PI insurance and combustible cladding update

19 July 2019

PI Insurance, certifiers and the Building Ministers Forum meeting

The outcomes of the recent Building Ministers Forum (BMF) are an important step toward addressing the ongoing issues with PI insurance and combustible cladding.

While the meeting agreed to a national approach to implementing the Shergold-Weir report, and a coordinated approach to dealing with the crisis in professional indemnity insurance, the group did not deal with the rectification of existing buildings with combustible cladding.

Master Builders’ position remains that builders should not be liable for buildings that complied with the National Construction Code (NCC) at the time of construction. Responsibility lies with governments for the shortcomings of their National Construction Code and a failure to recognise this for the 20 plus years that combustible cladding was used on buildings.

A national approach to the Shergold-Weir report

The recommendation to take a national approach to implementing the Shergold-Weir Report is sensible and will go a long way to improving community confidence in the building system.

However, the reality is that many of the recommendations are already in place in Queensland (e.g. a comprehensive licensing system for builders and trade contractors [around 80 license categories] and non-conforming building products legislation); or are planned to be introduced (e.g. Continuing Professional Development for licensees).

The priority reforms that are needed in Queensland are mandatory product certification and improved project documentation and processes for the approval of performance solutions.

Strengthening the ABCB

The decision to improve the effectiveness of the Australian Building Codes Board (ABCB) is long overdue. There is an urgent need to ensure there is more transparency and rigor in the process for updating the NCC and more clarity in the Code itself. The lessons learned from the cladding problem are that shortcomings of the NCC were allowed to go unaddressed for 20 plus years. Even after the Lacrosse fire in Melbourne in 2014 it was another four years before the Code was amended by the ABCB.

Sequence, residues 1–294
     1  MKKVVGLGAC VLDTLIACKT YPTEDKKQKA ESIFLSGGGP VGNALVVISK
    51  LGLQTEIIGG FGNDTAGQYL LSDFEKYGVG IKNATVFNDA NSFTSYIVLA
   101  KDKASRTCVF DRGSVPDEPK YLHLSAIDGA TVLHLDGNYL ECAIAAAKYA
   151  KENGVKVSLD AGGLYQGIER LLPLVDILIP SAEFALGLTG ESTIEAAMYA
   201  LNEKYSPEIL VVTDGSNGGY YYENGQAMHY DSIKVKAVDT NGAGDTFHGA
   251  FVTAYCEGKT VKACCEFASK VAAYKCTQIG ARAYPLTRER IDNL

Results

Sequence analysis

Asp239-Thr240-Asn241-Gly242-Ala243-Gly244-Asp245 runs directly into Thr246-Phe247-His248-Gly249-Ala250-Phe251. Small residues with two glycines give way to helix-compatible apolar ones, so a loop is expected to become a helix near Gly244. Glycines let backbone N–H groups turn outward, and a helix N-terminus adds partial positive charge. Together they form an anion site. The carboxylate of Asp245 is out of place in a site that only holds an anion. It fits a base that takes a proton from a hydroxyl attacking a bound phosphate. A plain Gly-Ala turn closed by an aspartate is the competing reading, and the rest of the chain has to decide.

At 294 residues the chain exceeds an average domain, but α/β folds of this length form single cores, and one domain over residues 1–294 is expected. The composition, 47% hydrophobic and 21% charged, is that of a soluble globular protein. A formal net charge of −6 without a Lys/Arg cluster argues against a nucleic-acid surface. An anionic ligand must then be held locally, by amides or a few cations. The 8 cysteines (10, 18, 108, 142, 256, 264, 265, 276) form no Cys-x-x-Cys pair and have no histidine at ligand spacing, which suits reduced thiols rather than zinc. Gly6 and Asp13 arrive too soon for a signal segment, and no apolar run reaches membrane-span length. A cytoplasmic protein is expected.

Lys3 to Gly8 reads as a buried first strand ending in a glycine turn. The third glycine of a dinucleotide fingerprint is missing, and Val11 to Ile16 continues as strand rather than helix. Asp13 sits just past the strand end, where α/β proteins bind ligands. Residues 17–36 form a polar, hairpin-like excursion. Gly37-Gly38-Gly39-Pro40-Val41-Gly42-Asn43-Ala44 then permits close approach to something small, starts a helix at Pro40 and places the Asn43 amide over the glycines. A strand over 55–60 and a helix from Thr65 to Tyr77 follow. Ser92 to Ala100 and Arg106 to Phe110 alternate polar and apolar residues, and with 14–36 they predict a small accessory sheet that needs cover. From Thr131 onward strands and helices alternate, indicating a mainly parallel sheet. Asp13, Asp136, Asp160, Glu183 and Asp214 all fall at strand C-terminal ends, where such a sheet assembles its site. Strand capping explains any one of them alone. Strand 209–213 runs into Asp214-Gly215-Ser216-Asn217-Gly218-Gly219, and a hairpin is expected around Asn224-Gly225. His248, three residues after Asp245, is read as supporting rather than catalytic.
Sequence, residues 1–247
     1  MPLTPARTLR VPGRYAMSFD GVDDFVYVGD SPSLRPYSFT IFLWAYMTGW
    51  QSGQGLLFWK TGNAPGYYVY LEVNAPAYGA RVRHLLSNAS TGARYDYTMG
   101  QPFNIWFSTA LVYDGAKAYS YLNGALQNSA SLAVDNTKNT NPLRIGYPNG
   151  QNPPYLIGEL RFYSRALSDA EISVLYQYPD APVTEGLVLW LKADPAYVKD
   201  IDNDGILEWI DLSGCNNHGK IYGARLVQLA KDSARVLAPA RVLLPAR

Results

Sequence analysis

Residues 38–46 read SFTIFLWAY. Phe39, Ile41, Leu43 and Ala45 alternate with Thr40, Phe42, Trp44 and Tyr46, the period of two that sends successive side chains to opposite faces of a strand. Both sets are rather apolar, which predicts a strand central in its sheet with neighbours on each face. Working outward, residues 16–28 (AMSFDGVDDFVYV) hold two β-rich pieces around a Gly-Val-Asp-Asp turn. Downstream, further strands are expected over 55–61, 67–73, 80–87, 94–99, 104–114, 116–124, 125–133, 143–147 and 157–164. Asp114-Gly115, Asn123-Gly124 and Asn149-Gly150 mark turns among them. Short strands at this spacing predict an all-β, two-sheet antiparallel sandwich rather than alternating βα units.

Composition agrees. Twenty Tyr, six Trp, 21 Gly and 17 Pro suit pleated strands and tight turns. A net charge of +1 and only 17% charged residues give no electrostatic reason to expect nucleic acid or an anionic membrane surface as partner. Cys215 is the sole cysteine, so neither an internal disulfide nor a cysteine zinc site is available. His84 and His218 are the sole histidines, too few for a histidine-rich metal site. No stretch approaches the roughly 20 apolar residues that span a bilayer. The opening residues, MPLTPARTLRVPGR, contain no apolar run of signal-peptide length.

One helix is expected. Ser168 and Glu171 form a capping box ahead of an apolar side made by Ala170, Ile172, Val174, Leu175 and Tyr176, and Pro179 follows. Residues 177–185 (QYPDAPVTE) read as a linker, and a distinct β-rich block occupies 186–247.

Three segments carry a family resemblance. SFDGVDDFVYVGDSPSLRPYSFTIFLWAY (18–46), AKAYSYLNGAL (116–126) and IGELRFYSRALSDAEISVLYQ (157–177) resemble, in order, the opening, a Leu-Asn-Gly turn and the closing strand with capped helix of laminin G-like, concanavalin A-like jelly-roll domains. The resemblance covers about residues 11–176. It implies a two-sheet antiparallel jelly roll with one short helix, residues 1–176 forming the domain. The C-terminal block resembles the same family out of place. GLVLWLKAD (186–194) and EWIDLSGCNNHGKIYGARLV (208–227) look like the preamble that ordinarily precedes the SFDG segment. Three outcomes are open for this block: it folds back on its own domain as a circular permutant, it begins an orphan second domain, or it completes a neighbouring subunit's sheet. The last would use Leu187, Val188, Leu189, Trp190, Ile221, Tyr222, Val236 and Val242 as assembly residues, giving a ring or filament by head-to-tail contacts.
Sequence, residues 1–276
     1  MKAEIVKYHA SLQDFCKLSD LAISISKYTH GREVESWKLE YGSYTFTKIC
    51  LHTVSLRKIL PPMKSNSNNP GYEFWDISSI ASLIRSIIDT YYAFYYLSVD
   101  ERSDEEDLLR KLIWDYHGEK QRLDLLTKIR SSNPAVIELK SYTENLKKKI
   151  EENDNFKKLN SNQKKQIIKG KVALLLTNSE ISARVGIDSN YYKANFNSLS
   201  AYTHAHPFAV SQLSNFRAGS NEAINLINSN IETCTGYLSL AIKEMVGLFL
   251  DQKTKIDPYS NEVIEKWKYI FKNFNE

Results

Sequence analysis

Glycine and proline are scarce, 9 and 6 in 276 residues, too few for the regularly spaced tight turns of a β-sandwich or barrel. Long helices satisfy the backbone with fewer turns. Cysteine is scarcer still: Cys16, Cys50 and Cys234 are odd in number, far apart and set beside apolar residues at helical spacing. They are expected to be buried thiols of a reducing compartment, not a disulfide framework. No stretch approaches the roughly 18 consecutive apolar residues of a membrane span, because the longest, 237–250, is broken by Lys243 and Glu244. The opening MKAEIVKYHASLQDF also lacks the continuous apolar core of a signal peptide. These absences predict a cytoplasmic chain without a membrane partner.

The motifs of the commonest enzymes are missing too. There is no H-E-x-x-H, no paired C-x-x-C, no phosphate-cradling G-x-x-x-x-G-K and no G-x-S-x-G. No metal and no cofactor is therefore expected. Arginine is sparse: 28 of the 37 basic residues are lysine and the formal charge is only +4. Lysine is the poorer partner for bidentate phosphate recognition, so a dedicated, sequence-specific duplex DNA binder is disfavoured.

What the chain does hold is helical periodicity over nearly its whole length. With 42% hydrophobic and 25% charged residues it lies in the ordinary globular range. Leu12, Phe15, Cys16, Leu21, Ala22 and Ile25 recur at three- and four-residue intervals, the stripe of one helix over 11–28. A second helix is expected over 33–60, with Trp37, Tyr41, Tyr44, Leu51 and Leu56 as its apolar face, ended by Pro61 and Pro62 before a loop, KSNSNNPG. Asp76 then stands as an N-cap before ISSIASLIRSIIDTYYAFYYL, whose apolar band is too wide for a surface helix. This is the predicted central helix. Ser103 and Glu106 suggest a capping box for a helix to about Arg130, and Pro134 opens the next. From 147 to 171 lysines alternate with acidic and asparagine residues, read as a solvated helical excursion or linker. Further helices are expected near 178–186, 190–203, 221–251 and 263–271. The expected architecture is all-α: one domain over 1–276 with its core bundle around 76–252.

PI Insurance and long-term rectification solutions

The decision that the states and territories will work towards a coordinated approach to professional indemnity insurance is a positive measure but falls short of addressing the rectification of existing buildings with combustible cladding. In our view, there are three parts to resolving this issue:

  1. The immediate priority is allowing certifiers to continue operating. This should now be fixed with Minister deBrenni announcing that he would allow certifiers to have exclusions in their PI insurance (in line with NSW and Victoria).
  2. The short to medium term issue of ensuring that new and existing buildings are able to be certified (taking into account the exclusions for PI insurance which relate to #1). There will be certifiers who need to work with combustible cladding in the rectification of existing buildings and no longer have insurance coverage.  

    Victoria provides a peer review system where the certification is checked by an independent panel, which includes certifiers, and then the state government indemnifies this aspect. Queensland is exploring something similar where certifiers and fire engineers, working through the Queensland government, sign-off performance solutions where combustible materials are used in external cladding, or other high risk building work.
  3. The medium/longer term issue of determining who pays for the rectification of the say 100 existing buildings that will be identified through the Safer Building Program as having combustible cladding.

The bottom line is builders, certifiers and building owners should not be left to pay for the rectification of buildings which were deemed compliant at the time that they were built.

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